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2005 Nov Companies Open Path to Customer Innovation

2005 Nov Companies Open Path to Customer Innovation

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Published by Joshua Gans

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Published by: Joshua Gans on Jul 27, 2011
Copyright:Attribution Non-commercial


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Companies open path to customerinnovation
  November 18, 2005, The Age
Organisations are going to those they serve in the quest for ideas fornew products, writes Joshua Gans.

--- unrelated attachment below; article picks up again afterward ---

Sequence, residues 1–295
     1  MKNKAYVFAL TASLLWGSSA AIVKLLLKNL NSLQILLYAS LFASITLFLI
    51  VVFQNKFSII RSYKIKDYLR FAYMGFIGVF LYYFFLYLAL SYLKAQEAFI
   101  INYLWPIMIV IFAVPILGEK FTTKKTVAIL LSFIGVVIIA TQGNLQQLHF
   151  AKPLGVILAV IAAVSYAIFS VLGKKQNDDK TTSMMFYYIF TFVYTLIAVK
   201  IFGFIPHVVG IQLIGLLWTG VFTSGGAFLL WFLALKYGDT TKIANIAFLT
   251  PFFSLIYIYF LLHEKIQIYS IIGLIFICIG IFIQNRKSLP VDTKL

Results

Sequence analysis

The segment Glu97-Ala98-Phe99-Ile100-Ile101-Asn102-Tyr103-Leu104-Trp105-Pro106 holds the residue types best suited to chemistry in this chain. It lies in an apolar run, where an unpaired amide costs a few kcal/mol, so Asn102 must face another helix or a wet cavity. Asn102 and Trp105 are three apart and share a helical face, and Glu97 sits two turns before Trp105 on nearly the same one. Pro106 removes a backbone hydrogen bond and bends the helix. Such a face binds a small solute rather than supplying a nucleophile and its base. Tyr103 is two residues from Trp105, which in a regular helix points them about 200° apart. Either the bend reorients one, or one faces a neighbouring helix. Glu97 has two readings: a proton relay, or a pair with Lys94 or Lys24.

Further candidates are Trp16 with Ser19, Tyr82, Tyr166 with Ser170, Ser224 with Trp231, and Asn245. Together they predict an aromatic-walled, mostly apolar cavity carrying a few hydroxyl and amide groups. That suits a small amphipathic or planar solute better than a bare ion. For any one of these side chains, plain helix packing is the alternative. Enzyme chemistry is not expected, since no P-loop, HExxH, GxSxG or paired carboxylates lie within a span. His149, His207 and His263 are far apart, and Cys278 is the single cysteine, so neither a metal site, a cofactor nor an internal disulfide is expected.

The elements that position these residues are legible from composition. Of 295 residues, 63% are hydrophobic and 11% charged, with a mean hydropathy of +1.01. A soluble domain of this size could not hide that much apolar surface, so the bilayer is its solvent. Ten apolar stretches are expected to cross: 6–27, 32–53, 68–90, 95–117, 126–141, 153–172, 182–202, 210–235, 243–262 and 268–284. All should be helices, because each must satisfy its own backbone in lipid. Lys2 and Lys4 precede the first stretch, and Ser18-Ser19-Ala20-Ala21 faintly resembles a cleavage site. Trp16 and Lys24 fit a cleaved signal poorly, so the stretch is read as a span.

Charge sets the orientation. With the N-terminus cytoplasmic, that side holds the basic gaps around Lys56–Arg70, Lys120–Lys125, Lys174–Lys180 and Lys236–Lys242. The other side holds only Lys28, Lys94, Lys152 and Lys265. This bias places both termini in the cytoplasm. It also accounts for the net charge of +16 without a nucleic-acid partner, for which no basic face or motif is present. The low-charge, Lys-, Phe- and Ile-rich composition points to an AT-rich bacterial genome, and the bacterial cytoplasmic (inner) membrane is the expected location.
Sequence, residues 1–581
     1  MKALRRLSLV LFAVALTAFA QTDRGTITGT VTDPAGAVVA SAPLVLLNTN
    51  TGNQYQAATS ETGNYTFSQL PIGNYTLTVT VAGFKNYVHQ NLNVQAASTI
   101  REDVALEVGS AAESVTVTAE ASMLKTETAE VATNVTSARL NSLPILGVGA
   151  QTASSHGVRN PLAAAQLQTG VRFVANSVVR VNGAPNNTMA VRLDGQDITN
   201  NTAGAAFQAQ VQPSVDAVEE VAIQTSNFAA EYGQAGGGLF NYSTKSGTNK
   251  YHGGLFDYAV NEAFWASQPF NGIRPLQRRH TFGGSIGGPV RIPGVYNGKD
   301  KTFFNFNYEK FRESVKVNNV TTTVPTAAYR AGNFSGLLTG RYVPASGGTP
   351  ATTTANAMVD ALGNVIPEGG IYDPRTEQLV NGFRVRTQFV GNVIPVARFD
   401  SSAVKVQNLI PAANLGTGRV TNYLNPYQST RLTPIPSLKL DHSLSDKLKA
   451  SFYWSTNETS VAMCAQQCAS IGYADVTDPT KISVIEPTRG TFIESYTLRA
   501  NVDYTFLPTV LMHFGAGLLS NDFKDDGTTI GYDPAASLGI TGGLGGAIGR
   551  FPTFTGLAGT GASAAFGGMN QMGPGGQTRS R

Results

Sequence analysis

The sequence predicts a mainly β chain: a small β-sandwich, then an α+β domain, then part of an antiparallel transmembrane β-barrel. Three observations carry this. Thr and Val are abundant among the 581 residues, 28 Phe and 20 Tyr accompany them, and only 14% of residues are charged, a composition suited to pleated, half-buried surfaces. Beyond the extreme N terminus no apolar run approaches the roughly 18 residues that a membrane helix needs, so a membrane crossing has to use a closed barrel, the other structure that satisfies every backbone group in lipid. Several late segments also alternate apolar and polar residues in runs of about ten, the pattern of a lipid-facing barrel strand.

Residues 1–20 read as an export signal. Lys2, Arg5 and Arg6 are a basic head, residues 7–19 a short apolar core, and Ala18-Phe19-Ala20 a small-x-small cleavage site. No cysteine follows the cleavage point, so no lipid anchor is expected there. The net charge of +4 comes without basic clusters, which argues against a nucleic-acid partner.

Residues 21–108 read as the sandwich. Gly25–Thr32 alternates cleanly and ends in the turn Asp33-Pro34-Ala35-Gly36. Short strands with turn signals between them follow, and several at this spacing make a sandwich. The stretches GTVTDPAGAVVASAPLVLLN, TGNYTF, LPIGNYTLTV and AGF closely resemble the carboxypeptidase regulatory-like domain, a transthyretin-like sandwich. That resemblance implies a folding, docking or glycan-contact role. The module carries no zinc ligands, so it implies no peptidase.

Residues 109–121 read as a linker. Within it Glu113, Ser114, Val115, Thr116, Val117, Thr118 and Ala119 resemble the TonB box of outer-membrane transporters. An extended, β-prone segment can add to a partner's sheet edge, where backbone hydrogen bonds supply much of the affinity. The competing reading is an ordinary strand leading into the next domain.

IT WAS only a few years ago that a colleague told me a sorry tale. He andhis eight-year-old son were enthusiastic Lego builders. His son took considerable initiative and came up with some innovative designs for a newLego product. He even carefully wrote out the instructions.Eagerly they were sent to Lego with the hopes, not of money, but of thesatisfaction of making a contribution to the company they had loved for solong. And the reply: a legal letter asserting Lego's intellectual property over all such things and the aggressive response they could expect if they ever tried to profit from these designs.It was against this backdrop that I was thrilled with the news of a seemingseachange in Lego's approach. Lego has announced the first winners of itsLego Factory contest. Eight Lego customers had designs selected for actual production as Lego sets. Not only this, but each received (or shared if their designs were bundled) 5 per cent of the revenue from sales of the sets. Nowthis is more like it.Lego has turned from an inward-looking company to one that actively looksexternally for new ideas. You can even download a 3D Designer kit (for free) to assist you in developing ideas for Lego. In so doing, they bring thewealth of creativity from their own customers to their organisation. And,moreover, these are the very customers who will end up buying products:who better to engage in product design?The phenomenon — whereby manufacturers look to customers or users for  product development ideas — has been termed "user-based innovation" byEric von Hippel. And it is not just toys where this is being employed as anactive strategy. It all began with scientific instruments. Some innovativemanufacturers noticed that scientists built their own tools, used them andthen told no one else! The manufacturers searched for those ideas andcommercialised them. The scientists already had their requisite reward fromsolving their own problem; the rest was bonus.

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